PIA20272: 'Big Sky' and 'Greenhorn' Drill Holes and CheMin X-ray Diffraction
 Target Name:  Mars
 Is a satellite of:  Sol (our sun)
 Mission:  Mars Science Laboratory (MSL)
 Spacecraft:  Curiosity
 Instrument:  CheMin
 Product Size:  1236 x 672 pixels (w x h)
 Produced By:  Malin Space Science Systems
 Full-Res TIFF:  PIA20272.tif (819.4 kB)
 Full-Res JPEG:  PIA20272.jpg (99.92 kB)

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The graph at right presents information from the NASA Curiosity Mars rover's onboard analysis of rock powder drilled from the "Big Sky" and "Greenhorn" target locations, shown at left.

X-ray diffraction analysis of the Greenhorn sample inside the rover's Chemistry and Mineralogy (CheMin) instrument revealed an abundance of silica in the form of noncrystalline opal. The broad hump in the background of the X-ray diffraction pattern for Greenhorn, compared to Big Sky, is diagnostic of opal.

The image of Big Sky at upper left was taken by the rover's Mars Hand Lens Imager (MAHLI) camera the day the hole was drilled, Sept. 29, 2015, during the mission's 1,119th Martian day, or sol. The Greenhorn hole was drilled, and the MAHLI image at lower left was taken, on Oct. 18, 2015 (Sol 1137).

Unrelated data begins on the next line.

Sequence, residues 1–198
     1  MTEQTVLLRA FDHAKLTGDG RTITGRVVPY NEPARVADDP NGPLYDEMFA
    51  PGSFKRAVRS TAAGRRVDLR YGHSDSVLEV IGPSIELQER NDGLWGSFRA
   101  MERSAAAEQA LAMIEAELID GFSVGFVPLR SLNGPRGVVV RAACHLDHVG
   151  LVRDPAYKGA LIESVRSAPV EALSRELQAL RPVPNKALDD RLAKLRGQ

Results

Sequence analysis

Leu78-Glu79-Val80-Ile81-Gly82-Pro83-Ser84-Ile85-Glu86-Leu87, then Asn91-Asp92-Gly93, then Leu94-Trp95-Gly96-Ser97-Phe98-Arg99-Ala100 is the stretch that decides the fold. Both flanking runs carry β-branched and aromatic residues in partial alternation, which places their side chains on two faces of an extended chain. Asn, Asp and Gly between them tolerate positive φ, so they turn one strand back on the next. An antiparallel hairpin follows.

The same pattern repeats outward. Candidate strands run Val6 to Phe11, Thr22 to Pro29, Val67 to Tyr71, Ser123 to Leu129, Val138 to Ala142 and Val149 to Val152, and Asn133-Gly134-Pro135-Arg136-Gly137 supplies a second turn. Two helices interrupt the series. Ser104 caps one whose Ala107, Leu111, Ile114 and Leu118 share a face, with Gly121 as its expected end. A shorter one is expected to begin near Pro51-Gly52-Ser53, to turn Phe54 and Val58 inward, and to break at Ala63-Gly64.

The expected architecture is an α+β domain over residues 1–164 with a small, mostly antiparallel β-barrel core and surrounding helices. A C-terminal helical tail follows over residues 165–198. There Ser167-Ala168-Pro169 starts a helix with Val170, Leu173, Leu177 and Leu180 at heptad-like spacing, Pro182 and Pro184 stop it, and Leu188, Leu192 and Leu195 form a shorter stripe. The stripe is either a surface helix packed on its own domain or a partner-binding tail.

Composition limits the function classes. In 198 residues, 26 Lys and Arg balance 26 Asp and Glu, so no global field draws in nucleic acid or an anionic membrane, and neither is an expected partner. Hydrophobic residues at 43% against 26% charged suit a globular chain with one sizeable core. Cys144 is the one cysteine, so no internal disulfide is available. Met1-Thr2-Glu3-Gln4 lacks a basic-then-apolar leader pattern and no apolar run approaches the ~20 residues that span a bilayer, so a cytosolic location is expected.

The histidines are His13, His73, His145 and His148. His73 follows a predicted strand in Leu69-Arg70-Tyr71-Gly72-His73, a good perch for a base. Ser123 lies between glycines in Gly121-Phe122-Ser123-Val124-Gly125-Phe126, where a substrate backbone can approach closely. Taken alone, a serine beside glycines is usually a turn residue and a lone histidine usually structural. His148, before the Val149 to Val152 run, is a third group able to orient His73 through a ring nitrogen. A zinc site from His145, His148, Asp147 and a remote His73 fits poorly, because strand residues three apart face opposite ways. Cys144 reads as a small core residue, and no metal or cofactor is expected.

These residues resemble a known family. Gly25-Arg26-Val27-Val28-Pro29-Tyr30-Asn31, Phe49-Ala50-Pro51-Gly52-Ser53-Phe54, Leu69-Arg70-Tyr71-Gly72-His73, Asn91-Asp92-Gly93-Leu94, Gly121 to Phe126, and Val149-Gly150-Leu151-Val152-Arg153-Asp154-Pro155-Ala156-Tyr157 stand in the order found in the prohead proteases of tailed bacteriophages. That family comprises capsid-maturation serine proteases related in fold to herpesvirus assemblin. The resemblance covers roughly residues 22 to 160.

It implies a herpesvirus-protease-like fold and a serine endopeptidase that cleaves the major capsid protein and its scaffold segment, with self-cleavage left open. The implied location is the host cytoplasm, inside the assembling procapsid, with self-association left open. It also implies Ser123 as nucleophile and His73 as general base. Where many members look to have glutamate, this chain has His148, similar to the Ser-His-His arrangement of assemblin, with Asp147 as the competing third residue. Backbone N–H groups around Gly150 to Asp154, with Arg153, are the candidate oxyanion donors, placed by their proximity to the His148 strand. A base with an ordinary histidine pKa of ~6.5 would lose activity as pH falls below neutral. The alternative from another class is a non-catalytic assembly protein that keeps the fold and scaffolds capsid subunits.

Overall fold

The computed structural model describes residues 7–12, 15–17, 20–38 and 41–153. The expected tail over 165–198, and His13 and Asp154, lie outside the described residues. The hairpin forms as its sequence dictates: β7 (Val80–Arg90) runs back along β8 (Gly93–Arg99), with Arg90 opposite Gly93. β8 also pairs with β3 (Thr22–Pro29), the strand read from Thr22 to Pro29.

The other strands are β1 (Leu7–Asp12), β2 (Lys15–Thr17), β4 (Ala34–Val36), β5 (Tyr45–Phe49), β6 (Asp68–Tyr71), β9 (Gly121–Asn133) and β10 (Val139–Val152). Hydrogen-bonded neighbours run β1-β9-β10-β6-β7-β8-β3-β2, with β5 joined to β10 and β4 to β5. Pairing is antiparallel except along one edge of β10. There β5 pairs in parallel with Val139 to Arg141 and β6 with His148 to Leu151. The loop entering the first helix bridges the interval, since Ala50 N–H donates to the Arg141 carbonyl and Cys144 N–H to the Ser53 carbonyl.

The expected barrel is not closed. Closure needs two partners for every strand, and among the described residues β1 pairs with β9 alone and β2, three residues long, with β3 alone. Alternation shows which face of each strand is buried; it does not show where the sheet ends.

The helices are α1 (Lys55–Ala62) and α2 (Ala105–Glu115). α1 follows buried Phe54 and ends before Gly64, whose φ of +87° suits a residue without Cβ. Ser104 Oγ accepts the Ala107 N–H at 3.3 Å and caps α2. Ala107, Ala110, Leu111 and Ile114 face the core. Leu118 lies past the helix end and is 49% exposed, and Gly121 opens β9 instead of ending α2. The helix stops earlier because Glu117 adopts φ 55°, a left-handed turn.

MAHLI was built by Malin Space Science Systems, San Diego. NASA's Jet Propulsion Laboratory, a division of the California Institute of Technology in Pasadena, manages the Mars Science Laboratory Project for the NASA Science Mission Directorate, Washington. JPL designed and built the project's Curiosity rover.

More information about Curiosity is online at http://www.nasa.gov/msl and http://mars.jpl.nasa.gov/msl/.

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